Malaysia eyes security ties with PH

President Aquino walks with Malaysian Prime Minister Najib Razak after he arrived at the Perdana Putra (or prime minister’s office) in Putrajaya, Malaysia, on the second day of his state visit.

MANILA — Malaysia Prime Minister Najib Razak is seeking a security hotline with the Philippines, a year after clashes between authorities and Filipino Muslims claiming sovereignty over Sabah state resulted to the death of at least 62 people.

Najib met with President Benigno Aquino III in Putrajaya south of Kuala Lumpur on Friday, where they discussed the need to exchange intelligence and conduct more military and police exercises together, the Malaysian leader said.

The sultans of Sulu once ruled over both Sabah and the Sulu islands in the southern Philippines. Supporters of Sultan Jamalul Kiram III clashed with Malaysian authorities when he sent his brother and 200 armed followers to Sabah in February last year to occupy land and pursue the clan’s claim. Aquino accused Kiram, who died in October, and his followers of dragging the nation into a dispute that risked hurting relations with Malaysia.

“We should enhance further our security by holding joint military exercises,” Aquino. He added that he invited Najib to witness the signing of a peace agreement

between his government and the Moro Islamic Liberation Front.

“President Aquino has very kindly invited me to attend the ceremony, and I look forward to attending that very historic ceremony which will usher in a new era for the people of Philippines. In the case of southern Philippines, the security of peace in that area will not only benefit the people of the Philippines, but also Malaysia and the region as a whole,” Najib said.

“To add strength to that peace process, we will offer capacity building for the Bangsamoro people because the future government in southern Philippines will require them to have new skills to be part of the government in the future of that area,” he added.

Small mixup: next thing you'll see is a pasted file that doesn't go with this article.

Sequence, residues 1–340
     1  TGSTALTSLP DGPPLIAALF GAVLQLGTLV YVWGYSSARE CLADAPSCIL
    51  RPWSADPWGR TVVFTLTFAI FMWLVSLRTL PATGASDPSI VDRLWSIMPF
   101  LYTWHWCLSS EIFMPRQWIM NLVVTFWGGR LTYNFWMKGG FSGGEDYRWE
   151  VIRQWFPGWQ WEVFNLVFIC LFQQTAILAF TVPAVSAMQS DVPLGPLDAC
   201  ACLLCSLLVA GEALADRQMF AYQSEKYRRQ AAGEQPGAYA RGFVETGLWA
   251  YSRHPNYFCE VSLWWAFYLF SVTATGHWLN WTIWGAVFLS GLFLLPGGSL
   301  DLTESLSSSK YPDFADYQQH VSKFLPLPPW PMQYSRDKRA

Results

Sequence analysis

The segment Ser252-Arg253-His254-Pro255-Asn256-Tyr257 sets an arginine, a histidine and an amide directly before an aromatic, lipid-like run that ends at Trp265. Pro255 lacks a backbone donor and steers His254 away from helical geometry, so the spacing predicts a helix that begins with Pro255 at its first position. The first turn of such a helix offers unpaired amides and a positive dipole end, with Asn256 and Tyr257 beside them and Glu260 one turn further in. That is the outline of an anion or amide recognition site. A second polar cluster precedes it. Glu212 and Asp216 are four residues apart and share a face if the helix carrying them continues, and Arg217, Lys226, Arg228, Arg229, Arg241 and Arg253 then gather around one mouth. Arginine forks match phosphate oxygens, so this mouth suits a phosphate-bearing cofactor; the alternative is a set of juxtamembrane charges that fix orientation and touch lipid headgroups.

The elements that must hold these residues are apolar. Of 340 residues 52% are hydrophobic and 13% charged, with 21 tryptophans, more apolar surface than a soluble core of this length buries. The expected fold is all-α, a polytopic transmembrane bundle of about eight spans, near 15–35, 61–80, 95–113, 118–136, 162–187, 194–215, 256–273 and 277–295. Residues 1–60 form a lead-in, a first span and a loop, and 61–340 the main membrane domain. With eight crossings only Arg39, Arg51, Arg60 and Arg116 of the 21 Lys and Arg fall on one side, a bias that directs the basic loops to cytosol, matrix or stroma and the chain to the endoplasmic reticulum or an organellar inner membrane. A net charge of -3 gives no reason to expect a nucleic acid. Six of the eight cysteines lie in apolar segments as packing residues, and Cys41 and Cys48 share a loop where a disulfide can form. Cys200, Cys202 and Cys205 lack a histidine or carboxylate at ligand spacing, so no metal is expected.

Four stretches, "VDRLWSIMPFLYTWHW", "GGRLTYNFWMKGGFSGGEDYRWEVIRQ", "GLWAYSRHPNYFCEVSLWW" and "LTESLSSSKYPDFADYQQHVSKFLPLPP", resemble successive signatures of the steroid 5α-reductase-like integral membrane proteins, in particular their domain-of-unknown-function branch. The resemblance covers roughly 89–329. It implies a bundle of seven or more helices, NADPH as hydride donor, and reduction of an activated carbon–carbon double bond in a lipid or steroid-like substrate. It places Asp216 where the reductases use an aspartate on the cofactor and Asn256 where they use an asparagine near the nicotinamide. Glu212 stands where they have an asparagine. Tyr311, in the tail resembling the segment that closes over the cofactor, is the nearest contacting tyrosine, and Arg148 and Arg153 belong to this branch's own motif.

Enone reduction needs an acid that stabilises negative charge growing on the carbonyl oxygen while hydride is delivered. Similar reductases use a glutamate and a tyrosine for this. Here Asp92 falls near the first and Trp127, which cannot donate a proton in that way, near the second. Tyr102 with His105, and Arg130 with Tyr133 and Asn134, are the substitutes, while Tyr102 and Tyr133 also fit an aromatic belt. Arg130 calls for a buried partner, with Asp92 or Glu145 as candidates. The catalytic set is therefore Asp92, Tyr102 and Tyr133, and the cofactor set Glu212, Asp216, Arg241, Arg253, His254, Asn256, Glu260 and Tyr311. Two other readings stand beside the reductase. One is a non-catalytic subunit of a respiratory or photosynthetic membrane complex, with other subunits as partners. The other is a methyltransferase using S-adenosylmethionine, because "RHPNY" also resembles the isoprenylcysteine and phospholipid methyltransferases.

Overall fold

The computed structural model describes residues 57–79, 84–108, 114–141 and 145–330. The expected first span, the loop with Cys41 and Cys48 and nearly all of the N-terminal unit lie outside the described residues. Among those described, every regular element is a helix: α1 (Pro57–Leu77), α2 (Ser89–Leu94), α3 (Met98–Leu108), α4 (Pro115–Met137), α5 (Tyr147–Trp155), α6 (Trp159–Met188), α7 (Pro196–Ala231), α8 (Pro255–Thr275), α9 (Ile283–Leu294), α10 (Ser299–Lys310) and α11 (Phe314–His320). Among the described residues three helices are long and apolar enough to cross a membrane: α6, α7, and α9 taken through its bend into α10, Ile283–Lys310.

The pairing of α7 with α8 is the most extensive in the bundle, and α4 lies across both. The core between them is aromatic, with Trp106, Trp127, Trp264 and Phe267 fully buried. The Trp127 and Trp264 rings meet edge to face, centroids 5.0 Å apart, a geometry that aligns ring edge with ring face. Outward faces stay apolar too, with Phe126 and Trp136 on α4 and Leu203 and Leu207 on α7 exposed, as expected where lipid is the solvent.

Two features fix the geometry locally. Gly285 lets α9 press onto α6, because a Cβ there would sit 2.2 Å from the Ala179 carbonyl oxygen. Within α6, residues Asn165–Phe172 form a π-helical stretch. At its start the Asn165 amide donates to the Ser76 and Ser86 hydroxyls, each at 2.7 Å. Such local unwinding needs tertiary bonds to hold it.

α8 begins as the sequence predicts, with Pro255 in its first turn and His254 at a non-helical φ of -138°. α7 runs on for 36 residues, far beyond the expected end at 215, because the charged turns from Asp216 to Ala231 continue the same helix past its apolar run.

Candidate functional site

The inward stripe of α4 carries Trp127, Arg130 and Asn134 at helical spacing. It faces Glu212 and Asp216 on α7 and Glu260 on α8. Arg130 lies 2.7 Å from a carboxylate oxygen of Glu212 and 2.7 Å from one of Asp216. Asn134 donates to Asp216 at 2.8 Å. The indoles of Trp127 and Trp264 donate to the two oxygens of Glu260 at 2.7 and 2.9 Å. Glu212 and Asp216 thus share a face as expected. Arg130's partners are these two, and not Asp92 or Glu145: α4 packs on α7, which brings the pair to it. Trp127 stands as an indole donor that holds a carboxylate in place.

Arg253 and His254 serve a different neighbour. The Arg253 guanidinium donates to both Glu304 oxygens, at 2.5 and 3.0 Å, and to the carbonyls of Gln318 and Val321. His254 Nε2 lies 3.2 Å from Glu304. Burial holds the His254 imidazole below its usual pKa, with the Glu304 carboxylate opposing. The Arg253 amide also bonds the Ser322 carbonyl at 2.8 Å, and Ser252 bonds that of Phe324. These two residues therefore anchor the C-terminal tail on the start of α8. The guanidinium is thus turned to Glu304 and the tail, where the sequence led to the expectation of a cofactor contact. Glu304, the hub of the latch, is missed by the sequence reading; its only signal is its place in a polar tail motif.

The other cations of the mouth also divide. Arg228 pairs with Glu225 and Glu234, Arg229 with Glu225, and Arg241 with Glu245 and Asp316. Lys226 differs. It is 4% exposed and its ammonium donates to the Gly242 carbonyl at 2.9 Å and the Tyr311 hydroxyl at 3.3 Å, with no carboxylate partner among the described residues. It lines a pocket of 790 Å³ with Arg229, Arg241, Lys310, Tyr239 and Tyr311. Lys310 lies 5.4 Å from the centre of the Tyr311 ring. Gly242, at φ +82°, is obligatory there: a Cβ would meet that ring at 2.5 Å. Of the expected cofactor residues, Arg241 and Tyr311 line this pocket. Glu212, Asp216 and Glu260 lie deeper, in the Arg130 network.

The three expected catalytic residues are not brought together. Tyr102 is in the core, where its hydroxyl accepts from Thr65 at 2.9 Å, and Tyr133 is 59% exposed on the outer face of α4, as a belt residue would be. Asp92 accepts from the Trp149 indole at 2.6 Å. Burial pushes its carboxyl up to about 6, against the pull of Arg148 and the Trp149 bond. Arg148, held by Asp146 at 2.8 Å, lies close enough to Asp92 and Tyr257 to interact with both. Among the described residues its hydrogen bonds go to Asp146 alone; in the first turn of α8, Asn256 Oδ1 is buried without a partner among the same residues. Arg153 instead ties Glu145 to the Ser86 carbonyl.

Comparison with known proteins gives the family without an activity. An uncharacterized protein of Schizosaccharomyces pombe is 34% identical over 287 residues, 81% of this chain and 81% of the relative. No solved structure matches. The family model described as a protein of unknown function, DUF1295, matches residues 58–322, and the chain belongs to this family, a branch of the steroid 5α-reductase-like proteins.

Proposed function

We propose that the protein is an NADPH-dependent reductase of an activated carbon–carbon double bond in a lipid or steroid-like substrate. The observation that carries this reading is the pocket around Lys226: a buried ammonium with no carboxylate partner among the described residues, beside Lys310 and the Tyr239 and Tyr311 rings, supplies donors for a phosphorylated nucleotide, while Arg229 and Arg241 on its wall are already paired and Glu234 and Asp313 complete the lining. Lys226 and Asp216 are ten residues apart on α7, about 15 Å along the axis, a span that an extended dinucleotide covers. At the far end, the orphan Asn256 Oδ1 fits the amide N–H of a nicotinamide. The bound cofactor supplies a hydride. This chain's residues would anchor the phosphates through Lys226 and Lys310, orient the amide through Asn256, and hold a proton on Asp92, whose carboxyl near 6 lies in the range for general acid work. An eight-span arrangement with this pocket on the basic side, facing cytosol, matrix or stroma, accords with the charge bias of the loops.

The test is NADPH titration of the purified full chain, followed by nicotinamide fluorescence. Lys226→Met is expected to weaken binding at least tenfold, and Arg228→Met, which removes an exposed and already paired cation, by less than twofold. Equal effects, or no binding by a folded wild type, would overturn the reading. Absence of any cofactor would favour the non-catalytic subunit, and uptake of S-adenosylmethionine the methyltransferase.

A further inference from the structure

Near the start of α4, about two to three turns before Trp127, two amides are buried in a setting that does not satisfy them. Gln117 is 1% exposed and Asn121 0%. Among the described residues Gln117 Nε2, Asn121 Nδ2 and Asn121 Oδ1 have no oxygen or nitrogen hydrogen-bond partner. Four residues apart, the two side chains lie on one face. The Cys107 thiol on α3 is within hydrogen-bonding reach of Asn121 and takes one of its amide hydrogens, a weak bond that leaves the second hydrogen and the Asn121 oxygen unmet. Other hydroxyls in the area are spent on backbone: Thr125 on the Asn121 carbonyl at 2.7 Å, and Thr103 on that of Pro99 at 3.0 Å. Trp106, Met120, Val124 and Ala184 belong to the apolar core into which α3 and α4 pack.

Malaysia has helped broker a pact aimed at ending a four-decade Muslim insurgency on the southern Philippine island of Mindanao that has killed as many as 200,000 people.

Aquino thanked Malaysia for serving as third party broker of the peace talks since 2001.

The president had committed to campaign for the creation of the Bangsamoro – a political entity that would replace the Autonomous Region in Muslim Mindanao.

The government aims to submit the Bangsamoro Basic Law being drafted by the Transition Commission to Congress by June.

National Commission on Muslim Filipinos head and government negotiator Mehol Sadain said the BBL would only contain provisions that can be implemented within the bounds of the 1987 Constitution.

“The Bangsamoro Transition Commission is allowed to identify which of the provisions that they want to be included that will need constitutional amendments. But what they can include in the BBL are only those that do not need constitutional amendments, meaning they have to work within the Constitution,” Sadain said.

The BBL will include the Framework Agreement on the Bangsamoro (FAB) signed by the government and the MILF in 2012 and the four annexes on transitional arrangements, power-sharing, wealth-sharing, and normalization (disarmament).

The Bangsamoro is envisioned to have for its core territory the entire ARMM, as well as six municipalities in Lanao del Norte, namely Baloi, Munai, Nunungan, Pantar, Tagoloan and Tangkal; all other barangays in the municipalities of Kabacan, Carmen, Aleosan, Pigkawayan, Pikit, and Midsayap that also voted for inclusion in the ARMM during the 2001 plebiscite; and the cities of Cotabato and Isabela.

Meanwhile, Aquino said he and Najib agreed that territorial disputes with China must be settled peacefully and according to law. Malaysia, the Philippines, Vietnam and China are among countries making overlapping claims to areas of the South China Sea, waters rich in oil, gas and fish through which some of the world’s busiest shipping lanes run.

China agreed in July at an Association of Southeast Asian Nations-hosted forum in Brunei to work toward rules to avoid conflict in the waters, but there is still no progress yet on developing a code of conduct.

Malaysia also sees the potential for increased trade with the Philippines and has offered to train its neighbor on Islamic finance and banking.

“President Benigno Aquino III would like us to help in terms of Islamic banking, Islamic finance—the possibility of Malaysians, us, taking Islamic banking in the Philippines. I offered President Aquino that we could train Filipinos in the field of Islamic banking and Islamic finance here in Malaysia,” Najib said.

“We also discussed on the potential of halal products to be promoted between the two countries,” Najib added in a report posted at the Bernama website.

As this developed, international monitors observing Philippine government talks with Muslim rebels expressed confidence Friday that efforts to end one of Asia’s bloodiest and longest insurgencies will survive derailing attempts by hardline guerrillas.

Smaller factions opposed to the Moro Islamic Liberation Front’s impending peace deal with Manila lack the following to block the process despite repeated acts of violence, the monitors told a news conference.

The observers, who have been sitting at protracted talks that concluded last month, also cited a strong commitment to peace by both Manila and the MILF, and growing popular support.